First National Assembly on Assistive Technology (AT)
November 16 2017
Aviva Stadium, Dublin
Ireland’s first national assembly on assistive technology (AT) took place today at the Aviva Stadium, Dublin.
The FreedomTech Assembly was run by Enable Ireland and the Disability Federation of Ireland (DFI) along with support from Maynooth University and Microsoft.
Those present called on Government to introduce an “AT passport” for people with disabilities and older people. AT has transformative possibilities for both of these groups. The AT Passport is proposed as a solution to the challenge of providing quality, person centred AT services that offer value for money and are accountable and transparent.
“This is a critical time for AT services” said Joan O’Donnell, Development Officer with DFI. “Technology is changing rapidly: the biggest opportunities of our time lie in Artificial Intelligence, robotics and driverless vehicles all of which have huge accessibility potential. We are calling on Government to create a systems wide approach to prioritise putting assistive technology in the hands of those who most need it: people with disabilities and older people. This not only puts people back in control of their own lives, it makes sound economic sense.”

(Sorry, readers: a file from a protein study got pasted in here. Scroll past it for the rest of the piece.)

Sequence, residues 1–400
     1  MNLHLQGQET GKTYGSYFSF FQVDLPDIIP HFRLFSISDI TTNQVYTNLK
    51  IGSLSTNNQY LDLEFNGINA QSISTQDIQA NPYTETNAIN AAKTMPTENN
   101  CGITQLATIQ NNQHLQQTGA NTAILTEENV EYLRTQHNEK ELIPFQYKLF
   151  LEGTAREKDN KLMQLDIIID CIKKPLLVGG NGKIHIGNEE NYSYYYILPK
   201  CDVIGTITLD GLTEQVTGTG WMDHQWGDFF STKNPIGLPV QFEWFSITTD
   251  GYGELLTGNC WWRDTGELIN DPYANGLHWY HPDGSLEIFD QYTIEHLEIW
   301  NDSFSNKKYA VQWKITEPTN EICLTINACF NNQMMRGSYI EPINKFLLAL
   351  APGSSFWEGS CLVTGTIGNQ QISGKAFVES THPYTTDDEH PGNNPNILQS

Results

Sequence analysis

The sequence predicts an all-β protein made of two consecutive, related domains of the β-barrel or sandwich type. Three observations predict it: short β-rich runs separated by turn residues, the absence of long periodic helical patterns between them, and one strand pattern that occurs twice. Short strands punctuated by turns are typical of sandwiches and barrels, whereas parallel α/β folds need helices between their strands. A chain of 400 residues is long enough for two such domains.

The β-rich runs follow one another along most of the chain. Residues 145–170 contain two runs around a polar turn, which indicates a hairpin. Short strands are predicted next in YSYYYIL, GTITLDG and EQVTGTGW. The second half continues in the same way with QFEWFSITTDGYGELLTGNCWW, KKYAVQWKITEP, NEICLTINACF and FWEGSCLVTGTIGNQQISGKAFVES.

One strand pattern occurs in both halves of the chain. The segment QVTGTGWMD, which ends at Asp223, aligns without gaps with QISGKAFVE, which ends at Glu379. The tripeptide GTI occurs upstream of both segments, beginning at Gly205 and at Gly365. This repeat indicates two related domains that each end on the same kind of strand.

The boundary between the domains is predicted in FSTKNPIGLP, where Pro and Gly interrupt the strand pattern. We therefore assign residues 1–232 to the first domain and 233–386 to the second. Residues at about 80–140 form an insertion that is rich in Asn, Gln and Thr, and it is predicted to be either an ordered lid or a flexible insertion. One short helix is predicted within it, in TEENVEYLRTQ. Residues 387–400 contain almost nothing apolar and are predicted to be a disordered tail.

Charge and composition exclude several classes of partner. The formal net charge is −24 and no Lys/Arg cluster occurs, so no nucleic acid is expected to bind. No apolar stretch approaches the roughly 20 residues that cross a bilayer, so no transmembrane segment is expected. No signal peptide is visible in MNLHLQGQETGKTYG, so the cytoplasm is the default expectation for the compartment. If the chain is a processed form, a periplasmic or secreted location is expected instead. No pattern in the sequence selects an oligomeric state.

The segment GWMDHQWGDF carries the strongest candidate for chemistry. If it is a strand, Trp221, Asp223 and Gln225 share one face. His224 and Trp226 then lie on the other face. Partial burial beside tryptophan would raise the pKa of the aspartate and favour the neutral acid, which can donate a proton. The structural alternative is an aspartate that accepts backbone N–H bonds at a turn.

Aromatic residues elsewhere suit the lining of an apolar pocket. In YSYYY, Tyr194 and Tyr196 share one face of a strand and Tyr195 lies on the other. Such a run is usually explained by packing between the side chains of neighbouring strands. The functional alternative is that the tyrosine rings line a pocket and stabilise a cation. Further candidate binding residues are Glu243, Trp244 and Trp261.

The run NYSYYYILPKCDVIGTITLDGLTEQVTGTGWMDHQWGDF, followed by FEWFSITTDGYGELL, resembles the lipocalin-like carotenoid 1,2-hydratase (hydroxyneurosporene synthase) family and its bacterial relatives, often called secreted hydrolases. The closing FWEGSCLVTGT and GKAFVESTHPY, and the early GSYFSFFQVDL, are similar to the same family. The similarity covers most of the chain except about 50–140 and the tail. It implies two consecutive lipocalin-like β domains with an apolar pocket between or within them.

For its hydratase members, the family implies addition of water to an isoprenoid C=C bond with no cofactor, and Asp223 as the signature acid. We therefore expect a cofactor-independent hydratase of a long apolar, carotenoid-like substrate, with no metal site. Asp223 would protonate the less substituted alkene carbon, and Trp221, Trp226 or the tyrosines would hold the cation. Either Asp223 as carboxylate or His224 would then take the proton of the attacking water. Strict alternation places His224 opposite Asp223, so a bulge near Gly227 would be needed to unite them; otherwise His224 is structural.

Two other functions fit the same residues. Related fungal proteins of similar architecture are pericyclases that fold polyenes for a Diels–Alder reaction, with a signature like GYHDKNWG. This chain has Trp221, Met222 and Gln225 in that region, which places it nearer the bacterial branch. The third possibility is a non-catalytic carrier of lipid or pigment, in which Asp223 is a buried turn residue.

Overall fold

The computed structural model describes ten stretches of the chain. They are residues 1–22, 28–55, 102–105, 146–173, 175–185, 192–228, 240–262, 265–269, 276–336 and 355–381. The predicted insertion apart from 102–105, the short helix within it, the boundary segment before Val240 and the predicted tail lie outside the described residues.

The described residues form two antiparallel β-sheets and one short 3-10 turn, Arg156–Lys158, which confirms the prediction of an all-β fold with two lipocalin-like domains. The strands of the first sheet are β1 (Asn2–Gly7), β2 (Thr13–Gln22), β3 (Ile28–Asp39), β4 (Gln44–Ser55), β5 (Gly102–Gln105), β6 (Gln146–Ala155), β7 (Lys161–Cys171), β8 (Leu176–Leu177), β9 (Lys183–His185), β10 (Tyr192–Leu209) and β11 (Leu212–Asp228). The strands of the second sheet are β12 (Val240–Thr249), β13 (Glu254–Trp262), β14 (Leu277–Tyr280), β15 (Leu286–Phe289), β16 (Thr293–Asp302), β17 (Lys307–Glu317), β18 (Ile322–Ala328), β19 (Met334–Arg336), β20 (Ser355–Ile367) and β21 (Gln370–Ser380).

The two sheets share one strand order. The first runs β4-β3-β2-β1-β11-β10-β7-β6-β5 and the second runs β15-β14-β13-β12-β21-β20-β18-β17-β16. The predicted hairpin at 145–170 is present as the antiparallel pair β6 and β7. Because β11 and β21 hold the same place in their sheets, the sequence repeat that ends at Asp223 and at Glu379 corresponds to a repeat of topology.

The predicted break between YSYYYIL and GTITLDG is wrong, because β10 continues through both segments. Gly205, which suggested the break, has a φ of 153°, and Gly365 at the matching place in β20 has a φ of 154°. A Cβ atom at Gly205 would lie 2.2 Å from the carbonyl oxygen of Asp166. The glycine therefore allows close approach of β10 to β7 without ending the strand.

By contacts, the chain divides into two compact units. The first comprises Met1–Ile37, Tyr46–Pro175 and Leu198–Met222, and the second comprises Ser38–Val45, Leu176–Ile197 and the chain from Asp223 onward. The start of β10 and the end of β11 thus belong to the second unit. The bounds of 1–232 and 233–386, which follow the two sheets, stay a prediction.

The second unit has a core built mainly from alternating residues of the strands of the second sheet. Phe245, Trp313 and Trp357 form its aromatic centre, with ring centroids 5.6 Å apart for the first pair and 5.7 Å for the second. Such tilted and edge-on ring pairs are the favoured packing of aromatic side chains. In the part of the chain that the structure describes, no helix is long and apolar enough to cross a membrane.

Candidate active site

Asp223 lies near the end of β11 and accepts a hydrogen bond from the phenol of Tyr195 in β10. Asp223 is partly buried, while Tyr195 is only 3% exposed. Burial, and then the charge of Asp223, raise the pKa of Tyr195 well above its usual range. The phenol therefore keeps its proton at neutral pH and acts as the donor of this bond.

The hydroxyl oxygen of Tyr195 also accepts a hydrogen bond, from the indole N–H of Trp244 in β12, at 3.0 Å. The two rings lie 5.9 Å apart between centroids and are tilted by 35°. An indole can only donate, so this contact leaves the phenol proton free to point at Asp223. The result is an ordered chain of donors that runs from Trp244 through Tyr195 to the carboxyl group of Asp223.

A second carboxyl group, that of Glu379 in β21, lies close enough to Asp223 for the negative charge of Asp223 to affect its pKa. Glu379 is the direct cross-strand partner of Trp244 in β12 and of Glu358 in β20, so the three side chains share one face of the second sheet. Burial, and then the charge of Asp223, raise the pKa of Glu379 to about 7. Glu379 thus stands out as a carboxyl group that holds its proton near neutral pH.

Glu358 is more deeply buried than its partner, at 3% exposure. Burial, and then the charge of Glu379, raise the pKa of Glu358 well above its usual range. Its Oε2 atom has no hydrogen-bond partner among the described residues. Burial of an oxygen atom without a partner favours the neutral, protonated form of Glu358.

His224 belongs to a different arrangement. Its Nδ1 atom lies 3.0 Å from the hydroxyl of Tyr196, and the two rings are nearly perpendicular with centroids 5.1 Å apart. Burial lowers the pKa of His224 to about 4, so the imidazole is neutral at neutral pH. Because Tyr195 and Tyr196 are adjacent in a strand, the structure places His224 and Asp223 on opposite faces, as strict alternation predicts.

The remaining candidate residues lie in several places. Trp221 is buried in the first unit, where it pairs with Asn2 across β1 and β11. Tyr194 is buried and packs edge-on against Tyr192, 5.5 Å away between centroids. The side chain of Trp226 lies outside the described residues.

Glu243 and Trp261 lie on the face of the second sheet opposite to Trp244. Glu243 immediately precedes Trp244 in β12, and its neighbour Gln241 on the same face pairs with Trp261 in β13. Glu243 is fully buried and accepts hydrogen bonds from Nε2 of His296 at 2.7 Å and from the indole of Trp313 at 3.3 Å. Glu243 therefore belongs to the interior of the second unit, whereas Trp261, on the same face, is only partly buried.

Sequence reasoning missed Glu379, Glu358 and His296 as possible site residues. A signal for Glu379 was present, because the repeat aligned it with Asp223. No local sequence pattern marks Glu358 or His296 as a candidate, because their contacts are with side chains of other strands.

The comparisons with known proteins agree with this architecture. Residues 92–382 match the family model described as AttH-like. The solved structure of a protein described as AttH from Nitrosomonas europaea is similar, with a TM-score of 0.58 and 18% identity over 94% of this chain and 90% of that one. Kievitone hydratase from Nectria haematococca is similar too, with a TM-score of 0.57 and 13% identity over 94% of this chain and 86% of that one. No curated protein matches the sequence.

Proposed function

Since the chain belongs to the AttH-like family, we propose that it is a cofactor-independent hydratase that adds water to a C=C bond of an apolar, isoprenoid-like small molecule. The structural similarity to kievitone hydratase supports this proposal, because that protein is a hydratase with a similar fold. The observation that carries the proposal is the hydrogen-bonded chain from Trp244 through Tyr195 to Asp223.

Enable Ireland intends to introduce the trial use of AT passports with their adult users in Dublin in 2018. Siobhán Long, Enable Ireland’s National Manager AT Services commented, “An AT passport places the individual who requires AT at the centre of the process, so that they can play an active role in identifying and managing their own technology needs. An AT passport would capture all of the key elements that are essential for people who need AT to get it: from referral and eligibility to selection of the most suitable Assistive Technology solutions, as well as training requirements, funding and follow up.”
A capacity crowd attended representing industry, academia, AT users and people with disabilities themselves.
Chapal Khasnabis, Programme Manager at the Global Cooperation on Assistive Technology (GATE) with the World Health Organisation has “welcomed the concept of introducing an AT passport”. He goes on to say that “this is quite an innovative idea and if implemented well, could be a foundation stone to a national AT ecosystem. Achieving well-coordinated AT services is a goal which most members of the GATE community internationally share, and we support such a focused approach. We would like to see more such efforts. We look forward to hearing of progress in the implementation of the AT passport.”
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